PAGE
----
Middleware Design


Insurance Claims Dashboard Case Study
Case Study Scenario
3m 55s
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This course takes you through a case study of a real-world scenario in a financial setting. We'll go through how data gets processed, stored, and presented for an insurance dashboard. This dashboard displays all different types of insurance and is powered by an underlying database. So over this course, you'll both see some specifics for the industry vertical of insurance and some specifics on how to process data.

This course is a little less technical than some of our other database-related content, so if you don't have Python or SQL skills, that's fine. This course is really ideal for those who want to learn a little bit more about how all of the pieces go together to understand more of where to dive in deeper.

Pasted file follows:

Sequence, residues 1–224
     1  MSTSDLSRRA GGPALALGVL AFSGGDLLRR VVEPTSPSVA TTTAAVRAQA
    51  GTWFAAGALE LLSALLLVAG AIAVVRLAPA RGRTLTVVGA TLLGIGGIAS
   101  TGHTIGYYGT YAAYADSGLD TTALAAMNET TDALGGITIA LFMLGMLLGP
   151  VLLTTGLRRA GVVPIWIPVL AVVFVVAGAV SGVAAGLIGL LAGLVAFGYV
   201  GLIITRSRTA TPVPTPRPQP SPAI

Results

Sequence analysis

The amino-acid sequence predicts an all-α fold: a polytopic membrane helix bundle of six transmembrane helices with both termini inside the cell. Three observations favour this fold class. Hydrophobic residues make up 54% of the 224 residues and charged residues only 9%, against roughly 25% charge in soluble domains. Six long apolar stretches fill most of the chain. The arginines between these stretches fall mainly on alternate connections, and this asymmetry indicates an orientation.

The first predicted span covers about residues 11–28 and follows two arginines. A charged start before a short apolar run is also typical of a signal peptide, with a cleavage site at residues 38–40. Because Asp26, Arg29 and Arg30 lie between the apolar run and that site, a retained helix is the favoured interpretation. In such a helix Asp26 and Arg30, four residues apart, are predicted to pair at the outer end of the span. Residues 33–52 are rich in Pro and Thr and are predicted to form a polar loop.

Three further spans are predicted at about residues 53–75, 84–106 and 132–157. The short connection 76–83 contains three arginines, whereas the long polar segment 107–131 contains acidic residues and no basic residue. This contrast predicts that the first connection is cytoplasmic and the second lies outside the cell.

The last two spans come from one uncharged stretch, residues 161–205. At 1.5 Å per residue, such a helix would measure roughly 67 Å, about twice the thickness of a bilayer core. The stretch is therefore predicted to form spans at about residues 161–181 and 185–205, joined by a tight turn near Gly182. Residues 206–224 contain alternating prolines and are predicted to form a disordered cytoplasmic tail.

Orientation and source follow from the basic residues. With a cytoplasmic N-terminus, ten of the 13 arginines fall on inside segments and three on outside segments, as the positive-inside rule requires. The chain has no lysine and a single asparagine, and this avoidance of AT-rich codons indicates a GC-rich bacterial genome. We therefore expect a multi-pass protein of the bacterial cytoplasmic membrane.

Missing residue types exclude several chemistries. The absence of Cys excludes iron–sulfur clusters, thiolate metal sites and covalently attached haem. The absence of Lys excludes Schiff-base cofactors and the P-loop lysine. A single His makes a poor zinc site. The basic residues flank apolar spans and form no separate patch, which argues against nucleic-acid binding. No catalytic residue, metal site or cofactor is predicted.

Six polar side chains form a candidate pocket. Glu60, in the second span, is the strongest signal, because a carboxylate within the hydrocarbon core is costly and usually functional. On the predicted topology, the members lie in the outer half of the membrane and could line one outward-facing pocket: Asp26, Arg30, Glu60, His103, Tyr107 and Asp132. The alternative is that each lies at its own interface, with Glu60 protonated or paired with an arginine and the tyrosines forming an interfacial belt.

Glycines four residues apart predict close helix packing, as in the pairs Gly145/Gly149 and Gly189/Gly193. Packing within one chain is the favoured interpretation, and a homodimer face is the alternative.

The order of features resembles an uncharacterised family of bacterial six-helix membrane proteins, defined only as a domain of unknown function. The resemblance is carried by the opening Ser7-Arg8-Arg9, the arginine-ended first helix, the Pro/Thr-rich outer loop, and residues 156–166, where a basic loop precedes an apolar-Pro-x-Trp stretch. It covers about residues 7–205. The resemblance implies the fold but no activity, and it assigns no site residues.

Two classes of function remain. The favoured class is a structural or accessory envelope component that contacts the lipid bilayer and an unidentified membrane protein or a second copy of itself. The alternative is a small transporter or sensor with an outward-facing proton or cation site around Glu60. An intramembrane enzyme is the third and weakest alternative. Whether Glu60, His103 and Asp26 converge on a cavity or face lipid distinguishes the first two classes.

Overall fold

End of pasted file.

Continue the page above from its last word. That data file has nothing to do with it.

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Learning Objectives

  • Learn how to put together a data processing solution for an insurance company
  • Plan the project
  • Build the front-end interface, the back-end database, and the middleware that connects the two
  • Put the whole dashboard solution together

Intended Audience

  • Data engineers and database administrators
  • Anyone who wants to gain insights into how a data-handling solution is built in a real-world environment.


To get the most out of this course, you should have some basic experience with databases and building IT solutions.